With a background in animation for the likes of Swedish dance/art group The Knife, Andreas Nilsson is no stranger to travelling the terrain of the surreal, subversive and super-sensory. Of late his work has ventured into the commercial world of TV spots, all the while retaining a firm grasp on promoland with collaborations with Miike Snow and most recently 2 Chainz feat. Kanye West.
Where Nilsson excels is in his unwavering ability to present reality with a focus on the subcultural without a look-at-them outsider perspective. Where Nilsson’s subjects go he goes too, giving his work a raw honesty that champions outsiders with a rare respect and integrity. We’ve all stood on the edge of the party, but sometimes that’s where the real party’s at, and it’s that brave approach to filmmaking that draws you into Nilsson’s obsessive compulsive mind.
Your Van She promo – How did you first come across the thong man? And WTF?!? Is that actually how he lives his life? Is the film fundamentally about this guy who’s found his “idea of happiness”?
After many days of randomly googling MAN+THONG+FRIZZY HAIR I stumbled upon Emil. Sent him an email and voilá, suddenly he was my best friend in the world. And yes, the location is Emil´s summerhouse on the Hungarian countryside. He have a lot of estates, his main residence is in Bodensee, Germany though. I like your interpretation of the video.
Tell us about the 2 Chainz video – Why did you decide to subvert all the conventions of hip hop videos? It’s not that you’ve thrown them out of the window, more that you’ve taken the classic elements (the girls, the party…) but shown through your own unique filter…
This video was done pretty much on the fly, very tight schedule and short shooting day. The circumstances dictated the aesthetic choices. There was no time to think a lot here, and sometimes that ends up in something that is very direct, like this one. The conventions of hip hop are a lovely subject I think, it´s vulgar and fun. Like a sugarcoated horror. Perfect.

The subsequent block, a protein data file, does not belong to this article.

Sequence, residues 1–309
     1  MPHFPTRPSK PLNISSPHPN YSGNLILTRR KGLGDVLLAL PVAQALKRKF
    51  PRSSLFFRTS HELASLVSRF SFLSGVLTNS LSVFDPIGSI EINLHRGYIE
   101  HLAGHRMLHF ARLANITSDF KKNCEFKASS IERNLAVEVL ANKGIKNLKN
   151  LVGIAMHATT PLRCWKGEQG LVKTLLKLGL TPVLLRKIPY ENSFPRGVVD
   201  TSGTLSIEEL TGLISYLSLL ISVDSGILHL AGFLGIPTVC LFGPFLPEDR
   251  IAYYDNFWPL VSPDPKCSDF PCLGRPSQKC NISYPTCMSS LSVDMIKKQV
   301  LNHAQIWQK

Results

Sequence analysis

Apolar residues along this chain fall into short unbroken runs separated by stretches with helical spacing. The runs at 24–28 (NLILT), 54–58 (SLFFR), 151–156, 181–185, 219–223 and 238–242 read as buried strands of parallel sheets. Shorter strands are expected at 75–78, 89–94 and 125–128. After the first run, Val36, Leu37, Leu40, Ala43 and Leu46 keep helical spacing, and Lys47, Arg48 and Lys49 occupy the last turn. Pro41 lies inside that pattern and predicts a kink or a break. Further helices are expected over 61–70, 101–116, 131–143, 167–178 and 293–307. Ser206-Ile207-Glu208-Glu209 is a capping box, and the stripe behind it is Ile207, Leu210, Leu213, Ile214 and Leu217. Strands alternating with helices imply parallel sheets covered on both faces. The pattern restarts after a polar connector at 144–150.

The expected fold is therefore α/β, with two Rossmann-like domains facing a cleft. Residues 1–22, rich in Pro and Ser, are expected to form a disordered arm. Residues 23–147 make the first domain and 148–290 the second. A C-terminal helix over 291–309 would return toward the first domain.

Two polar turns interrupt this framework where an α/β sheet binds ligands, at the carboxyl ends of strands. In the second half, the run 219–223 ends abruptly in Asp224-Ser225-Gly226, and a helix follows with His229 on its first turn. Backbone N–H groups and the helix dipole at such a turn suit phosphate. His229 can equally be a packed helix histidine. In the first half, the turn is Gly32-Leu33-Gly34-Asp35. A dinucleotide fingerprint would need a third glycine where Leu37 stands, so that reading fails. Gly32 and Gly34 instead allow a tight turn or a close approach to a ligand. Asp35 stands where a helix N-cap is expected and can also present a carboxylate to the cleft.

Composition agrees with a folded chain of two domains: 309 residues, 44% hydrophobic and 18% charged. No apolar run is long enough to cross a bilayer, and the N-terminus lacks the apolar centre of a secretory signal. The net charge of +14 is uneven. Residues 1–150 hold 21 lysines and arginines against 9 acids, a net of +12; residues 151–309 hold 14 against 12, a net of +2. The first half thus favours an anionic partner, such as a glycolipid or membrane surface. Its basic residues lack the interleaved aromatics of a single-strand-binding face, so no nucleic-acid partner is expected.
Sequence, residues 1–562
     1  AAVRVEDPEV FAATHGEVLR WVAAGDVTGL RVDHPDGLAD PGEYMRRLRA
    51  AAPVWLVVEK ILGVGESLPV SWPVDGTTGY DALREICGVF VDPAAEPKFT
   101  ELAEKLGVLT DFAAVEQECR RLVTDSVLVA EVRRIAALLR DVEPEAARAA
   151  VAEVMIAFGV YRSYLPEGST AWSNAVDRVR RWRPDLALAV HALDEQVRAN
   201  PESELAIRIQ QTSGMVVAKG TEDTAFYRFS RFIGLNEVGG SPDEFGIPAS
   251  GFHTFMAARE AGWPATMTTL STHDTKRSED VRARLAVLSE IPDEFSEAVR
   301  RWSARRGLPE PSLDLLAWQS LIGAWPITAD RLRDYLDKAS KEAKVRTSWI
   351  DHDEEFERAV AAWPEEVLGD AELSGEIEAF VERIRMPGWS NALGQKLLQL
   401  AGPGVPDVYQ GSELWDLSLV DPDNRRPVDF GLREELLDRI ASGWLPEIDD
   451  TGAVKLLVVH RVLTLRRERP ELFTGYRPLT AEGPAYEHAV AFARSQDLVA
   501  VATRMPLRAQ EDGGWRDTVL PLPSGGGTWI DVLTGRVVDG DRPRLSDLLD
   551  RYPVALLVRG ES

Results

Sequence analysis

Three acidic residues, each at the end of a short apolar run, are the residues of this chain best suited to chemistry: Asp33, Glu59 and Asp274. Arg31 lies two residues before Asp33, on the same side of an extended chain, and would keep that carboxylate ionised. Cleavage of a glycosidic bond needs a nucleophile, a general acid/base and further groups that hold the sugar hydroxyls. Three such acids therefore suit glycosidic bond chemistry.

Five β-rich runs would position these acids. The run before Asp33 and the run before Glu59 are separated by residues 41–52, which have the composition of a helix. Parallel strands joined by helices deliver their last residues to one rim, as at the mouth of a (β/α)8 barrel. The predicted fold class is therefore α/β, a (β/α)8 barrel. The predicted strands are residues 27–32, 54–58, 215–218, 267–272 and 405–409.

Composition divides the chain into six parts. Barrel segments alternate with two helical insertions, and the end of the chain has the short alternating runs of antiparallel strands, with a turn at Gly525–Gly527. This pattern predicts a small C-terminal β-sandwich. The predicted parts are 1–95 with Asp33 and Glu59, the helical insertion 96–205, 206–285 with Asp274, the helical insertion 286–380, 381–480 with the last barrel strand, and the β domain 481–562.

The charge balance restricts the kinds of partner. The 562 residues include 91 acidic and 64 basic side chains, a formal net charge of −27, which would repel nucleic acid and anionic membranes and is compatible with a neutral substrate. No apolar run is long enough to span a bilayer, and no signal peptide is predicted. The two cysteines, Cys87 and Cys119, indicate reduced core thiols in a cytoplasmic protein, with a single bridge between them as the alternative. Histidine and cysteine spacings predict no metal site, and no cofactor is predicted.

Miike Snow – you’ve collaborated with the band three times now right? How did the creative collaboration come about and how has the dynamic developed over the course of your videos for them? Extra-terrestrial Beethoven children creating super beings?!
They are good friends of mine and for the last two videos we did together we had endless discussion about modern technology in medicine. This speech by Anthony Atala was a big inspiration.
A lot of your work tends to focus on marginal characters but without marginalising them. Do you think this is connected to your early work within animation – in the sense that as an illustrator you have complete freedom to bring to life any character that you can imagine whereas your work in live action seems to have a thread of you hunting out these characters in the real world. Where does that fascination stem from?
I cast people that I can relate to and that expresses something that I carry but am unable to express myself. I don´t believe it has anything to do with my background in animation.
Do you have a set creative process? Do you tend to find that you come to music video projects with an existing idea or is the idea driven by the music and the lyrics?
In the beginning I always came up with the idea based on a study of the music and the lyrics. Nowadays that is rare. Most of the times I have an idea and I wait for a song that fits the idea.
And where do you look for inspiration? Is it an observational drive or do you look to art, music, nature?
My inspiration nowadays comes from my previous work. I build from where I left off. I have some friends that are a big inspiration to me as well. People that I hang out with on a daily basis, Christian Andersson and Alexander Gutke for example.
You’ve moved into commercial projects over the past few years with films for Cadbury and now, most recently, Nike. How have you found that transition? Do you find yourself tempering your ideas to a degree or is it a different thought process?
It´s a very different process. The biggest difference is that you are developing someone else´s concept. That I don´t see as a problem at all though. If you work with good agencies which I have been lucky to do the collaboration can bring you a lot back. It´s inspiring.
Tell us a bit about your recent Nike event / installation – what was the brief from the agency and how did you interpret that and bring it to life in a way that spoke your own aesthetic?
The brief was to do a performance/installation that took place in a live environment and that showed the physicality of the basketball player Chris Paul. I loved the public approach and that the actual event on that specific day was the focus.
The attention to detail across your work is impeccable – from the grand elements to the most minute nuance. How do you achieve that?!
Thanks, I suffer from obsessive-compulsive disorder.
Is there anything else you want to share or any forthcoming projects you can talk about?
Believe in the cone.